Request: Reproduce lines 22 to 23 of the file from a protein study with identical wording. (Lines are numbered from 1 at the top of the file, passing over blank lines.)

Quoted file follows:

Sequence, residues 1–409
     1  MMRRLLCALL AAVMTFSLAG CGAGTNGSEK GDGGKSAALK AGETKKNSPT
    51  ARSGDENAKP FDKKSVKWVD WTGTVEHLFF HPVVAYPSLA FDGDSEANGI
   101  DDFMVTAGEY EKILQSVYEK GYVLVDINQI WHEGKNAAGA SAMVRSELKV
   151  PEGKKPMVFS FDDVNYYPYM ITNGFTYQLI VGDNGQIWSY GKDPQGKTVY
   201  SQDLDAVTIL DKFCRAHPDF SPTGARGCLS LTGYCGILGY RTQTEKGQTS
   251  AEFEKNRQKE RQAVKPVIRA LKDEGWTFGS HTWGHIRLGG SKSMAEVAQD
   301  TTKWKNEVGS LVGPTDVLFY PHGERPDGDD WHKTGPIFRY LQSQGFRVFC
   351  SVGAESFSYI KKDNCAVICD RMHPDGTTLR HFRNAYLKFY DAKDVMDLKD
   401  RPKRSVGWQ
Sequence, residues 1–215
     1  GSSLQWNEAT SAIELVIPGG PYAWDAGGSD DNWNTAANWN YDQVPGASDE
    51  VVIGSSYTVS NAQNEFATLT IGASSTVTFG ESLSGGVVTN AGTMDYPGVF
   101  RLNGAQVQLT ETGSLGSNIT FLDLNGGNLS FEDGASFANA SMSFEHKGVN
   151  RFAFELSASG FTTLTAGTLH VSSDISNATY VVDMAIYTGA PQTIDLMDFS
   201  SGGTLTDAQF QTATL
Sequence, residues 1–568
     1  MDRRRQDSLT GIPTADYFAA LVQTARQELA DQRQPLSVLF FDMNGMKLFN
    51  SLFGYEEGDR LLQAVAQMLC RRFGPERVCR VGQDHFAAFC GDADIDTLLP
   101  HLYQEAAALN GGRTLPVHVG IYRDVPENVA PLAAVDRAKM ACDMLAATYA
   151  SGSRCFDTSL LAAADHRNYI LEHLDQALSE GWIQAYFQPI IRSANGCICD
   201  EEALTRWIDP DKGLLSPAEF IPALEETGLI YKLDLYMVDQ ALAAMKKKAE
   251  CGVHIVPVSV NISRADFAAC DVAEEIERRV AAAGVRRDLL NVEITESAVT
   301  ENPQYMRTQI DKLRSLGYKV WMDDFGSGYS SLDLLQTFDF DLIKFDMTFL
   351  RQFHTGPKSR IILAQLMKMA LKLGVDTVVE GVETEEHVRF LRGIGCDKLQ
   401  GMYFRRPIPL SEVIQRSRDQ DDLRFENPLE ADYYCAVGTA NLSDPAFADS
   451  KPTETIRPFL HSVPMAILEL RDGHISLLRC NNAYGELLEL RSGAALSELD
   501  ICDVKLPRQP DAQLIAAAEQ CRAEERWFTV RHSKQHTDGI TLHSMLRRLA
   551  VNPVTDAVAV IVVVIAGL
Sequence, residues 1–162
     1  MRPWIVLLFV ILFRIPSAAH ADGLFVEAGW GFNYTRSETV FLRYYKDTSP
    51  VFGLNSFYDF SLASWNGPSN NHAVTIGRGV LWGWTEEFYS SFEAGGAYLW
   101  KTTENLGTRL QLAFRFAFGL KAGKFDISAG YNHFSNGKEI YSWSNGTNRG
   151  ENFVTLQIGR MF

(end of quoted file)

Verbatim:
   201  EEALTRWIDP DKGLLSPAEF IPALEETGLI YKLDLYMVDQ ALAAMKKKAE
   251  CGVHIVPVSV NISRADFAAC DVAEEIERRV AAAGVRRDLL NVEITESAVT